While many Zimbabweans have been forced to stop working over the lockdown period the team at the Reserve Bank of Zimbabwe have been hard at work. Yesterday the apex bank issued a statement to the public that suspended the operating licences of two Bureau De Change, Cash twenty-four and Crediconnect. According to the statement, licences have been suspended pending further investigation.

The statement is not clear on the circumstances that have brought about the suspension but makes mention of engaging in illicit foreign currency transactions. It doesn’t take a financial genius to understand that the two are likely to have been dealing in foreign currency at rates other than the prescribed interbank rate, currently frozen at 25 to the US dollar. As the matter is still under investigation, information is expected to be scarce. This would not exactly be news to Zimbabweans who have witnessed bureau de change engaging in transactions at the parallel market rate.

According to the Financial Gazette, the Reserve Bank Governor Dr John Mangudya has also done away with foreign currency liquidation requirements for businesses. Exporting businesses in many sectors were allowed to retain a percentage of their foreign currency in FCAs while the remainder was sold to the Reserve bank at the prevailing interbank rate. However, the remaining amount had to be sold on the interbank market at the prevailing rate within 30 days. The moves made by the Reserve bank of Zimbabwe thus far in the wake of the COVID-19 pandemic have a distinct pattern of being concerned with Government of Zimbabwe’s sources of foreign currency income.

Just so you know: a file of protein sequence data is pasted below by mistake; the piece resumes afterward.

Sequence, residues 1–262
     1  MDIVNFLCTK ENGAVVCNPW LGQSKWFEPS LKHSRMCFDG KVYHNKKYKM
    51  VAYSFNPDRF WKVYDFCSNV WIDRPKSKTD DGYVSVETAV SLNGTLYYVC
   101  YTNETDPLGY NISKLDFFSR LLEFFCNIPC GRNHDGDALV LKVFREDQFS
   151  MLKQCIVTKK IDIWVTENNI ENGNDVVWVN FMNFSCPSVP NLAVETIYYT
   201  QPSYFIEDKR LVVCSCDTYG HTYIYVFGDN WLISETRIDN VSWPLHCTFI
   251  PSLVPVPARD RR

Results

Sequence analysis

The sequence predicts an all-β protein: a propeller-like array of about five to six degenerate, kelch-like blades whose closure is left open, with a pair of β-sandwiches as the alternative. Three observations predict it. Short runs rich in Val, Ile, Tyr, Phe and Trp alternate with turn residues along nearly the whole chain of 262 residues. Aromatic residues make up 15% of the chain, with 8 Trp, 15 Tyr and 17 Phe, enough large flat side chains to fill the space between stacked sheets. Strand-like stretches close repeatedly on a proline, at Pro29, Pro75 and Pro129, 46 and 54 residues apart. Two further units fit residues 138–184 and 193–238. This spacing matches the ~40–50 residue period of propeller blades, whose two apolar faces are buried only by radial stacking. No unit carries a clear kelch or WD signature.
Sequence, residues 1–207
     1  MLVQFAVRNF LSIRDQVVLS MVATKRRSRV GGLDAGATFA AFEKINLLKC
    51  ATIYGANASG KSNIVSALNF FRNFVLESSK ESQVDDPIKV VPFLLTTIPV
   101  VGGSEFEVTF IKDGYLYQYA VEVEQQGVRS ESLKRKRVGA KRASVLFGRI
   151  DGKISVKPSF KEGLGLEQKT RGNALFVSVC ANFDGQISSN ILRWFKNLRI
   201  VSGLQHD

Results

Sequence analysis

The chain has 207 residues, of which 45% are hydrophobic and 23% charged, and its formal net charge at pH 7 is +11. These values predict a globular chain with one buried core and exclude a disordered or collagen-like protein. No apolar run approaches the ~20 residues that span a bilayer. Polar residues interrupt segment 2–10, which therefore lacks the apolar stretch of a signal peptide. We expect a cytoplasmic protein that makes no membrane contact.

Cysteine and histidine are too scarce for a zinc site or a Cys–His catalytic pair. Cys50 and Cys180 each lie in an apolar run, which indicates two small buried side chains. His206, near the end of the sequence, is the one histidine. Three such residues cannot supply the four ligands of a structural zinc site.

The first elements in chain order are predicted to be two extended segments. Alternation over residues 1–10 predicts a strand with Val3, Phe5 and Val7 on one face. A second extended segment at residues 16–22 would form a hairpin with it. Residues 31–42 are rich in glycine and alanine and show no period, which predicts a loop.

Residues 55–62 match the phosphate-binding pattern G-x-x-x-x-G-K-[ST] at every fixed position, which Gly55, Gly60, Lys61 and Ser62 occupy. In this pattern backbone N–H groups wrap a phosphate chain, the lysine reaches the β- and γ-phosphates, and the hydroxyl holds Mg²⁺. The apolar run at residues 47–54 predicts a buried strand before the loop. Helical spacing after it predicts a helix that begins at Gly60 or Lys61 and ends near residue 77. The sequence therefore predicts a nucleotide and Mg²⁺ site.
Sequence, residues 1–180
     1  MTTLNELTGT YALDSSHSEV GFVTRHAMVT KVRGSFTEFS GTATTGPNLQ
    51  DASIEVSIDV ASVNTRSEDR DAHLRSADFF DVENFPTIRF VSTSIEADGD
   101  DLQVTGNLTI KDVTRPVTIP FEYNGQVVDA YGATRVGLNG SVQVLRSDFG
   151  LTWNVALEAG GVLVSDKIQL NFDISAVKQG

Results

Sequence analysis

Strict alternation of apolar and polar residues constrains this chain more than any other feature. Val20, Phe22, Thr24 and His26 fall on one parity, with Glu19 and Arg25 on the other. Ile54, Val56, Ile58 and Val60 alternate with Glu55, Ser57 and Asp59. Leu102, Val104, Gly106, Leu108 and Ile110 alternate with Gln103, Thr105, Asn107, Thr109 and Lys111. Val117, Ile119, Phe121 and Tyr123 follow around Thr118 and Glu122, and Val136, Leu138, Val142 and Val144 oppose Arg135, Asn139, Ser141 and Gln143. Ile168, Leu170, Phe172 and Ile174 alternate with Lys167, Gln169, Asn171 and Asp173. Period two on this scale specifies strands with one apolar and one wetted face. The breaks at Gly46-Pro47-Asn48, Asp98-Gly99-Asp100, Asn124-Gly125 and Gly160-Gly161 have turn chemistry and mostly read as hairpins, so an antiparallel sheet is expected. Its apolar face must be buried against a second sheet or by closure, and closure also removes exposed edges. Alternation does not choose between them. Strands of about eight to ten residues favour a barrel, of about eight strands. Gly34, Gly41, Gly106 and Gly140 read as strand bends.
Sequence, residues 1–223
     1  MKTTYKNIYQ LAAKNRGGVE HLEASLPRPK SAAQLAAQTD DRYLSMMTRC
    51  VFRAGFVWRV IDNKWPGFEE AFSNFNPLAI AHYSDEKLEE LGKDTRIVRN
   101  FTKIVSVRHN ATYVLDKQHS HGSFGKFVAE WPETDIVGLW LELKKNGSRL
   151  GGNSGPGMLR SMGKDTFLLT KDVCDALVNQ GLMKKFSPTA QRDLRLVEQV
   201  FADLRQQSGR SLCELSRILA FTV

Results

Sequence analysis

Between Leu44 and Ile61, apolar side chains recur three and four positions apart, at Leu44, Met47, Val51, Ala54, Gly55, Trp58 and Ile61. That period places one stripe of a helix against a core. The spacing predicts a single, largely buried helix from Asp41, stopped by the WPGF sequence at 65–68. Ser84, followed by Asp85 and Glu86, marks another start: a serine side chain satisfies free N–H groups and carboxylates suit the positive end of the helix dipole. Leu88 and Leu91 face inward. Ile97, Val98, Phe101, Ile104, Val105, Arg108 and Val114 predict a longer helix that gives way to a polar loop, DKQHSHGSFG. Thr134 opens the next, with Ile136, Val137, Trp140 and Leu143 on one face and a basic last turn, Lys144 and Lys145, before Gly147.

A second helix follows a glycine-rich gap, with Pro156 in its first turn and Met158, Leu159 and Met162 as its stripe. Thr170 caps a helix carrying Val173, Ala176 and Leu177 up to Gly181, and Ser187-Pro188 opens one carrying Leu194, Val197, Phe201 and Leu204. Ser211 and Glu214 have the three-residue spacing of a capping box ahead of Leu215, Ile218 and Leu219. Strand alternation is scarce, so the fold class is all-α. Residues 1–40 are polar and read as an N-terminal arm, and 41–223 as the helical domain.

In the case of the licence suspensions, it is not quite clear what evidence the Reserve Bank possesses or when the evidence was gathered. There is palpable scepticism about how the matter will be handled as in the past similar matters have been handled with a lack of transparency and they seem to just disappear over time. In other cases, information later comes to light that nullifies the allegations as a whole but leaves the public with more questions than answers.